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Why we do it

M4F responds to the enduring need to enhance
to give meaning to the period of detention

to equip inmates with artistic and technical skills that can be used on the labour market, thereby also contributing to the reduction of recidivism among former inmates; at the same time it is placed in an area of technological and music market development with a new original experience, which can combine the needs of the music production sector with the potential of inmates.

Some general data on the penitentiary conditions

At this very moment, there are 580,000 prisoners in the 27 EU countries

On average, there are 120 per 100,000 inhabitants (in Turkey – partner country in M4F – there are 355), 7% of which are women, 2.5% juveniles (14,000 in the EU), 22% foreigners, about 20% young people under 30, but with large imbalances between countries, especially for foreigners detained.
(Eurostat 2021; European Sourcebook of Crime and Criminal Justice Statistics 2021).

It is confirmed that recidivism is higher for young people in the first year after release and for those who already have a criminal past (Council of Europe, Annual Penal Statistics 2021). The same report unfortunately confirms the overall reduction of funding for alternative measures to detention and for innovations within the prison, the latter aggravated by the stop dictated by the pandemic, which in the last 2 years has slowed down many of the planned educational or so-called “treatment” activities. They would contribute to the rehabilitative function of the sentence to also foster future employability.

Educational activities

Young prisoners who engage in any activity (educational, recreational) are on average 1/5 of the total, and only 3% have opportunities to work for external companies or entities (also outside the prison). Yet, it has long been confirmed that among prisoners who engage in job placement, recidivism drops radically, and this generates a decisive virtuous circle (Harsh or Humane? Detention Conditions and Recidivism, Einaudi Institute for Economics Finance 2014).

If education and work in prison are essential actions to foster the social reintegration of inmates, the project aims to facilitate their activation through the creation of workshops and production spaces related to the artistic world of Hip Hop. This culture has proven to be a powerful means of involvement, awareness, and self-expression for young people with fewer opportunities all over the world and especially for those at risk of deviance, already sentenced or on probation.

Support well-being and personal expression

educational and rehabilitation processes of convicted young people through non-formal, musical, and technical education programs in European (and Turkish) correctional facilities.

Increase redemption opportunities for young people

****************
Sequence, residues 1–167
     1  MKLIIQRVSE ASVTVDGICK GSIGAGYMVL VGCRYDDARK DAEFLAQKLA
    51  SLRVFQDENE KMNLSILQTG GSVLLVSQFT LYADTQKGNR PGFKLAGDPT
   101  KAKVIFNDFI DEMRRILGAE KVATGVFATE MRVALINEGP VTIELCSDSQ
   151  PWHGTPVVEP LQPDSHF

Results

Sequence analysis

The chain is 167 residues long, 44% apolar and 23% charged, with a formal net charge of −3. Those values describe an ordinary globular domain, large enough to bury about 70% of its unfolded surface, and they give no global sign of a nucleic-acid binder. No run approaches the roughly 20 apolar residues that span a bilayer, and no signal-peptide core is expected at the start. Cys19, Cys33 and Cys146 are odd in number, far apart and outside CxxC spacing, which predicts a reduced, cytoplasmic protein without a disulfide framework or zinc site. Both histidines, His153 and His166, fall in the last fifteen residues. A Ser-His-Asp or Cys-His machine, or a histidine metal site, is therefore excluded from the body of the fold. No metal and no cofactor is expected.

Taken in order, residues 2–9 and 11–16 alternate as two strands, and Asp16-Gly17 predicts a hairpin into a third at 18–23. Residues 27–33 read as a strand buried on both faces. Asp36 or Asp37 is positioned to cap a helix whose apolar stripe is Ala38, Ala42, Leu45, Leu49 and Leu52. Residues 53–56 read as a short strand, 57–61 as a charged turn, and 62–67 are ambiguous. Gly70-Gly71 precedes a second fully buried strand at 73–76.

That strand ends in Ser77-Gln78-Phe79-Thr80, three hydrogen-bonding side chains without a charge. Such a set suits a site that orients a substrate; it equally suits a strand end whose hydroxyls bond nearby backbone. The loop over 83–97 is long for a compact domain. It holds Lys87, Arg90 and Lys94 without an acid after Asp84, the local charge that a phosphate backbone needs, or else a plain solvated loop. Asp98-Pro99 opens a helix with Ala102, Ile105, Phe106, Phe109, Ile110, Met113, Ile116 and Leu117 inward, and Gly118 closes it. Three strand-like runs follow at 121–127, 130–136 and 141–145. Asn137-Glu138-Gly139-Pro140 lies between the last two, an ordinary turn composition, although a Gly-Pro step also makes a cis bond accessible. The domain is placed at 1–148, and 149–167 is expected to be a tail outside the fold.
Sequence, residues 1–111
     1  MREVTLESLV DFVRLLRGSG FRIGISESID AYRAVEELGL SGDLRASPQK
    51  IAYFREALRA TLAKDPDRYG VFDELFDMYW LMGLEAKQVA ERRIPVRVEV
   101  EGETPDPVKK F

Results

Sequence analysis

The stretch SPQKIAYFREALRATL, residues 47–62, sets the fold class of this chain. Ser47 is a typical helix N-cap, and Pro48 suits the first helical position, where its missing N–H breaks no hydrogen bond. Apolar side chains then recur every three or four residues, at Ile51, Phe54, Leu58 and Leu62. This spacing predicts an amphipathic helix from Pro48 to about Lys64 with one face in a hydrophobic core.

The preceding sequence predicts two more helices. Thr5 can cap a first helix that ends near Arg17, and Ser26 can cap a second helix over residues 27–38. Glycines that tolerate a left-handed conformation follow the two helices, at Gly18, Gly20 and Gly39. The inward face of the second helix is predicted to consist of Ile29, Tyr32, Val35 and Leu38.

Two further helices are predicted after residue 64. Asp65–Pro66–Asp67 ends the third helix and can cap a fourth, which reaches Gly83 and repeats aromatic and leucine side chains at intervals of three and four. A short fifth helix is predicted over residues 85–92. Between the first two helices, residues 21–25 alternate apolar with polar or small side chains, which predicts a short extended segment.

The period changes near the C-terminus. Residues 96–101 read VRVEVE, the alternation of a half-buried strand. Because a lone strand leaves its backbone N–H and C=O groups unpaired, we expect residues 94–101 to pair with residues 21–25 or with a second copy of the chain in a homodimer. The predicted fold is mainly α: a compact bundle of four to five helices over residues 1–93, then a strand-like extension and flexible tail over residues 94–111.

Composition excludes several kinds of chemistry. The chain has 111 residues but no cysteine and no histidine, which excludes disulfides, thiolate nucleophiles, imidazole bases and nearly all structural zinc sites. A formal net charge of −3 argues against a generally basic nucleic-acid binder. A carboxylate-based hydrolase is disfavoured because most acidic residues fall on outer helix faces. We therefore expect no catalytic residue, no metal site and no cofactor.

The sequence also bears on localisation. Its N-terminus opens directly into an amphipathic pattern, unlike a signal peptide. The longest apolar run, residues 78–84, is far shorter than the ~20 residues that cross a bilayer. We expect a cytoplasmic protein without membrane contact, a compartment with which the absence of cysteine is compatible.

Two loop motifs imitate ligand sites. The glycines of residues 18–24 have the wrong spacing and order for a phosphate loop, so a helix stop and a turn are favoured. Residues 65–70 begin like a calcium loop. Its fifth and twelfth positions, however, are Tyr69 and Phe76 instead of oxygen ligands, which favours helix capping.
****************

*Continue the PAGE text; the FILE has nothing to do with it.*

with criminal convictions or on probation, detention or postdetention through the development of occupational, artistic, and technological skills in the hip-hop market.

Improve the skills and intervention models of educators (generally youth workers)

inside or outside of prison to incorporate and expand these music education processes in the criminal justice system.

Offer new professional and job opportunities

to young inmates or former inmates, developing synergies and collaborations with music production and art companies.

Stabilise and increase the introduction of spaces/workshops for musical experimentation and production

considering the differences between national criminal justice systems,in correctional facilities, both those for juveniles (up to 18 or 22 years of age) and adults (18 and over).

Hip Hop Culture

Music For Freedom has at its core some of the disciplines peculiar of Hip Hop culture, which initially represented the artistic expression of African American minorities in the 1970s, then extended to that of Latinos who migrated to the U.S., and then rapidly spread all over the world, attracting everywhere the interest and enthusiasm of young people, especially the marginalised.

Thus becoming, from an instrument of social redemption, one of the main manifestations of global contemporary art with its main expressions: vocal expression – rap – ; the bodily expression – dance, breaking – ; the visual expression – graffiti – and the musical one – DJing –.

For years, these forms have been an effective means of channelling youth distress through the practices of non-formal education; they are also widely used in rehabilitative activities with prisoners even if the context is still experimental, little regulated and left to the availability of individual operators or artists.

An European perspective

The funding of this project represents a great opportunity considering that – with rare exceptions – national public policies in Europe are still a long way from permanently investing funds in structured and lasting programs of non formal education in prison.

Professional training courses are present in many prisons, but since there is a lack of workshops or entrepreneurial investments in the recreational and artistic music sector, the project aims to focus on them to foster the development of actual skills and job opportunities.

The responsibility of equipping, educating, and building bridges with the outside world is delegated to the goodwill of the third sector, the voluntary service. The opening of permanent workshops for musical creation and production inside prisons requires investments in human and material resources that may find an adequate initial response in KA2 funding.

This would be the first funded Erasmus+ project
that combines hip hop with the criminal justice world.